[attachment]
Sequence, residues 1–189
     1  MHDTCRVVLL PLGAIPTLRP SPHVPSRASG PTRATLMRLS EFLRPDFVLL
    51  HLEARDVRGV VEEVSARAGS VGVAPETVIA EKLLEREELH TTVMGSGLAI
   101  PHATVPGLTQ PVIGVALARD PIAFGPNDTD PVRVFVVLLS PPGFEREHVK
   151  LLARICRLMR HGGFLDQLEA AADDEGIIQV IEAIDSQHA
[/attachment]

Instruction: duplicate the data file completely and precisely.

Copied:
Sequence, residues 1–189
     1  MHDTCRVVLL PLGAIPTLRP SPHVPSRASG PTRATLMRLS EFLRPDFVLL
    51  HLEARDVRGV VEEVSARAGS VGVAPETVIA EKLLEREELH TTVMGSGLAI
   101  PHATVPGLTQ PVIGVALARD PIAFGPNDTD PVRVFVVLLS PPGFEREHVK
   151  LLARICRLMR HGGFLDQLEA AADDEGIIQV IEAIDSQHA